by Alicia Pimental
February 01, 2009
The state of Maryland has preserved nearly 4,500 acres of land in Cecil, Charles and St. Mary’s counties, including 20 miles of Potomac River shoreline that was once explored by Captain John Smith.
The state’s land investment protects a diverse array of natural areas, including forests and wetlands that filter out pollutants and protect clean water in the Bay and its rivers. Maryland plans to use the land as wildlife habitat and public access points for boating, hiking, hunting and other recreational activities.
The preserved land, called the Maryland Province Property, is comprised of four separate parcels: Old Bohemia in Cecil County, Cedar Point in Charles County, and St. Inigoes and New Towne Neck in St. Mary’s County.
- The 975-acre Old Bohemia property includes mostly upland and wetland habitat and will become a wildlife management area.
- The 1,737-acre Cedar Point property includes 4.2 miles of shoreline along Nanjemoy and Port Tobacco creeks, both tributaries of the Potomac River. Cedar Point will also be used as a wildlife management area.
- St. Inigoes is a 985-acre peninsula surrounded by Smith Creek and the Potomac and St. Mary’s rivers. A blend of woods, wetlands and farmland, St. Inigoes will become a state forest.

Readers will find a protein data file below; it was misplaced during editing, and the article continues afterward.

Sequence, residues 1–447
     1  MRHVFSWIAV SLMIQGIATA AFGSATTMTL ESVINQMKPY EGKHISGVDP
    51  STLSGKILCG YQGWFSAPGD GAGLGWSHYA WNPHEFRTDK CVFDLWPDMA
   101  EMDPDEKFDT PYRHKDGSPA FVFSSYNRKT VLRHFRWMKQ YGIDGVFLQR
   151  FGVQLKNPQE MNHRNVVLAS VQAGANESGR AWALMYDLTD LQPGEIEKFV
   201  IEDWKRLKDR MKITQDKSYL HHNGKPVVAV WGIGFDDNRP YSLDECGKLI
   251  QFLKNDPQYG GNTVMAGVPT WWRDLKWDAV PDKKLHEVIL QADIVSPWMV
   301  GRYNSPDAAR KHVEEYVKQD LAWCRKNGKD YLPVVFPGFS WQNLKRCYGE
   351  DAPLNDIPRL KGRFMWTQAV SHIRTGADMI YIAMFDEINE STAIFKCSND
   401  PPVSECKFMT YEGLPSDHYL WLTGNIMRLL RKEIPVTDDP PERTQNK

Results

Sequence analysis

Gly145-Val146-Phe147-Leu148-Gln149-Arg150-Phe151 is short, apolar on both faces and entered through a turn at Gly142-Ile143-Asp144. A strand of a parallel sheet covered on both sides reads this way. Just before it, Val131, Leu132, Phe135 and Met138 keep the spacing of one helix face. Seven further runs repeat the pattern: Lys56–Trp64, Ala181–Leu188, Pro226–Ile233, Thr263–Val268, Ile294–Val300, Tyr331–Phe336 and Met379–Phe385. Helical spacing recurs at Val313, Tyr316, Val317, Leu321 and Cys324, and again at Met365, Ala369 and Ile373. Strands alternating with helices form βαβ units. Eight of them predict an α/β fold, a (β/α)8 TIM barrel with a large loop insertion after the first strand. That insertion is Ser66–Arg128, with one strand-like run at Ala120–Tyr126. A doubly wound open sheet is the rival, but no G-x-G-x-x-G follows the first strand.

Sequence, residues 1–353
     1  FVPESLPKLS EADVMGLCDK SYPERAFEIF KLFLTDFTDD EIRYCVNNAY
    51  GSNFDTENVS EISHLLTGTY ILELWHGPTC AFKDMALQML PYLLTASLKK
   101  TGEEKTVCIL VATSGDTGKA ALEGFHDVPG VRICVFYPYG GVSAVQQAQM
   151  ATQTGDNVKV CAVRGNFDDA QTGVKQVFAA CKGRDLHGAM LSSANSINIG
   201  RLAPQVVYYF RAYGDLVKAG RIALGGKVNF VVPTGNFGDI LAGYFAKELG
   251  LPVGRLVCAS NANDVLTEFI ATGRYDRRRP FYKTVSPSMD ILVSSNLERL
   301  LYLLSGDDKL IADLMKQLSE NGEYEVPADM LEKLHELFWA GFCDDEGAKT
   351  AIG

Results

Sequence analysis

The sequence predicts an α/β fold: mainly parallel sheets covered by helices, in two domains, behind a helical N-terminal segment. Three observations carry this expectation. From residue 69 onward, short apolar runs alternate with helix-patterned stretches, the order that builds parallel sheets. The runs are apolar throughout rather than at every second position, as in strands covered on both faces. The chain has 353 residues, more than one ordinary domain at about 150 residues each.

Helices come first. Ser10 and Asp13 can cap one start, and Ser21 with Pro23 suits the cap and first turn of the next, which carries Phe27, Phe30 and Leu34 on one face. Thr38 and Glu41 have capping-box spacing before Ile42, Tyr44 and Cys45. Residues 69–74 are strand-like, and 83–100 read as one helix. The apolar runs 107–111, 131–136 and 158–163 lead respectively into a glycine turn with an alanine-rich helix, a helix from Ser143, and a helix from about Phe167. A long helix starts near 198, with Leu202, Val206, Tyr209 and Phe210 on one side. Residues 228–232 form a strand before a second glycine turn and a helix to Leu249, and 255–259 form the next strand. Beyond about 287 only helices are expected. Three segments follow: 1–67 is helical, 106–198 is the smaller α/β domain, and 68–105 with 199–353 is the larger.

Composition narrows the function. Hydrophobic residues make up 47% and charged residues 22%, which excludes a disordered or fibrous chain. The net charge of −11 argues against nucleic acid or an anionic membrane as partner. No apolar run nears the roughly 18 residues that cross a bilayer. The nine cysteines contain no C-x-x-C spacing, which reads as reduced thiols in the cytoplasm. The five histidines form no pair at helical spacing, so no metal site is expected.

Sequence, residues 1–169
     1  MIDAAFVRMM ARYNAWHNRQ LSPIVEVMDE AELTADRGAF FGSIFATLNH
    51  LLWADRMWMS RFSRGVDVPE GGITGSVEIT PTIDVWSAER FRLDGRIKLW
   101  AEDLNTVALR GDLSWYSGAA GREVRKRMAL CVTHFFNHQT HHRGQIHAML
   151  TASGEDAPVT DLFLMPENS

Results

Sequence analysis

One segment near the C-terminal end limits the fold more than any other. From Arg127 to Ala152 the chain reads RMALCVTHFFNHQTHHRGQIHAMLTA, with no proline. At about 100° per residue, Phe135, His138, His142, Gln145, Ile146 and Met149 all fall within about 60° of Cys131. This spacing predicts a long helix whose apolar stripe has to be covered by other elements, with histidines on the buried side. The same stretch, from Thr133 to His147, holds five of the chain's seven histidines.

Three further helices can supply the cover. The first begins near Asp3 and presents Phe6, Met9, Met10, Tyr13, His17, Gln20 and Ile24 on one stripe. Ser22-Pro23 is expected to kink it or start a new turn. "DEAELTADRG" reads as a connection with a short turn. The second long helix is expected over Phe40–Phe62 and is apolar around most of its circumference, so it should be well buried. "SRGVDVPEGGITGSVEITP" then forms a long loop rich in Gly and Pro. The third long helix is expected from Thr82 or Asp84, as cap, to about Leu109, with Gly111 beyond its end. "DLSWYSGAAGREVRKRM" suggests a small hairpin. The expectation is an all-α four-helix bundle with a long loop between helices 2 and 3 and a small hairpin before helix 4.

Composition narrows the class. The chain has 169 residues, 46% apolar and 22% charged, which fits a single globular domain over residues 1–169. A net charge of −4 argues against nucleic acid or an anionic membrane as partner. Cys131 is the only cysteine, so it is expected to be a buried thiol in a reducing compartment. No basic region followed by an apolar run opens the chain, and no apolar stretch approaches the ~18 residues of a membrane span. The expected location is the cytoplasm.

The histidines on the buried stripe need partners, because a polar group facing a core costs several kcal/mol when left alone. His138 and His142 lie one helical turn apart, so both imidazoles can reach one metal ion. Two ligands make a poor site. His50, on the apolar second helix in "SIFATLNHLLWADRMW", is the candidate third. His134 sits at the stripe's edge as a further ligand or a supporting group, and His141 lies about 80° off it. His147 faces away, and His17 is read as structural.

- New Towne Neck is a 776-acre peninsula surrounded by Breton Bay, St. Clements Bay and the Potomac River. The land includes 7 miles of waterfront and will become a state park.
In addition to their significance to protecting the Bay, the preserved lands are tied to some of the earliest settlers in Maryland. Old Bohemia was part of the first Catholic settlement in the state, and St. Inigoes was originally acquired in 1634 from King Charles I of England.
Captain John Smith mapped several parts of land along the Potomac River during his 1607-1609 exploratory voyages of the Chesapeake Bay, according to the Friends of the John Smith Chesapeake Trail. Cedar Point, St. Inigoes and New Towne Neck will offer access points to the Captain John Smith Chesapeake Trail, the nation’s first national historic water trail.
For photos and additional information about the protected lands, view this presentation from the Maryland Department of Natural Resources.